I just got back from spending a few days in Ouray, Colorado. WOW! I tagged along to a workshop that Tom Bol and George Theodore were leading, and I had the opportunity to shoot in some amazing places, at an amazing time with a great group of people. Tom and George are such pros when it comes to putting on a workshop and making sure everyone shoots a lot, learns a lot and has fun while doing it.

Timing (and Luck) Is Everything

Whenever you head somewhere to photograph fall color you’re always taking a gamble since you can’t predict it 100%. I’ve been to Acadia National Park in Maine before (and arrived after the rainiest late summer/early fall they’ve had), and been greeted by mostly green trees. I’ve been back to the same place during the same week, years later, and missed the fall color altogether. So it’s definitely not an exact science. Luckily though, this trip was timed just about as perfect as you can get. The colors were blazing and we were treated to some of the nicest fall photography opportunities I’ve ever seen.

Thursday started out just about as good as you can get. The light on the Dallas Divide was perfect.

(make sure you click on the photos to see them larger)

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As I mentioned, timing is everything when it comes to fall colors. Believe it or not, you could tell that by the end of the trip (just 4 days later), the color had totally changed and was already fading in some areas.

Shooting And Semi-Harsh Light

One of the great things about being so high up in the mountains was that it offers you some extended shooting opportunities. Even though the sun is at it’s best right at sunrise or right at sunset, it still looks great within a couple of hours of each. In fact, the crisp blue skies with the bright colored trees really helps create a different type of photo. Plus, in many places the sun is behind a mountain when it rises. So you really don’t even see light on some of these hills until an hour or so after it’s actually risen.

(click on the photo to see them larger)

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Stormy Weather

Over the years my taste in photography has changed. While I still love a nice clear (well, some clouds are nice) sunrise/sunset, I find I’m drawn to the dramatic conditions more and more. We knew some stormy winter weather was going to move in late one afternoon when we went out shooting. As a result the clouds rolled in and set up the conditions for some amazing photos. It was stunning to watch as the sun peaked through the clouds to create these strips  of light on the glowing Aspen trees.

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It also set the stage for an incredible sunset. If you can imagine, we had just photographed the place you see right above. There we were driving back to town, thinking the sun would definitely have disappeared by this point and killed any chances for a sunset shoot. At the last minute we decided to give it a go and try to shoot at the Dallas Divide again. Well, we got really lucky. For about 5 minutes the clouds cooperated and cast some beautiful dramatic light on the San Juan mountains.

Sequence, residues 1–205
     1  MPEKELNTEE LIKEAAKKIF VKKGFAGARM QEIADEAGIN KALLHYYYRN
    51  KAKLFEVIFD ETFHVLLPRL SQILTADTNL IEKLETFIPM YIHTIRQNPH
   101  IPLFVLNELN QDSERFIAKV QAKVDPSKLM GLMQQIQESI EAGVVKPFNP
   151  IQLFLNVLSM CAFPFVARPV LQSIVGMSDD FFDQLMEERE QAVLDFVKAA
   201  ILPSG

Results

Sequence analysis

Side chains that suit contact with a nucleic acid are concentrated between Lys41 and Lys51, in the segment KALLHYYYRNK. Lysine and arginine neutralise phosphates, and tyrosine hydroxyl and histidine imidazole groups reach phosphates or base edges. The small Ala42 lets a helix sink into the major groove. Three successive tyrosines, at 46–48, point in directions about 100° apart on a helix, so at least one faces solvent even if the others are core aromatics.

(click on the photo to see them larger)

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Here Comes The Snow

The weather forecast called for some wintery weather to move in on Thursday night. So we went from warmer 60’s weather (heck, I think it was even 70 at one point) to below freezing almost instantly. It was that weather that gave us some killer dramatic photos the evening before, and opened up some entirely different shooting opportunities on Friday. The combination of the snow on the trees along with the contrast of the glowing yellow Aspens set the stage for some of my favorites from the trip.

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Heading Out To Owl Creek Pass

On the last day we set out to a place called Owl Creek Pass. It’s a road through the mountains surrounded by trees and rock formations all along the way. We were worried the road would be impassable because of the weather but, yet again, we got lucky. It was a little muddy but that’s about it. What was really nice is that the shooting was different from what we’d seen up until that point. There were huge groves of colorful trees with light bouncing in all directions. The canopy was beautiful. It was perfect for wandering around and capturing some different and more intimate photos of the trees and color.

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We finished off the evening photographing the mountains and rocks that lined the road we’d traveled during the day.

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I’m One Happy Camper

All I can say is that I’m one happy dude after this trip. I’ve taken many photography trips before and I have to say this goes down as the one I got the most “keepers” from. Aside from one evening where the clouds were too thick to shoot, we had 3 solid days of near perfect shooting. The combination of timing the fall color just right, along with the sun, clouds, and snow made each day feel like we were in a totally different place.

If you ever get the chance to take a workshop from Tom or George you definitely should. These guys are absolute professionals in the workshop business and you’ll have a great time with them. And I have to give a big thanks to everyone in the workshop. While getting out there and making some wonderful photos is always great, I walk away from every group I’ve ever been with, with great memories, many laughs, and many new friends.

Thanks for stopping by today. Have a good one!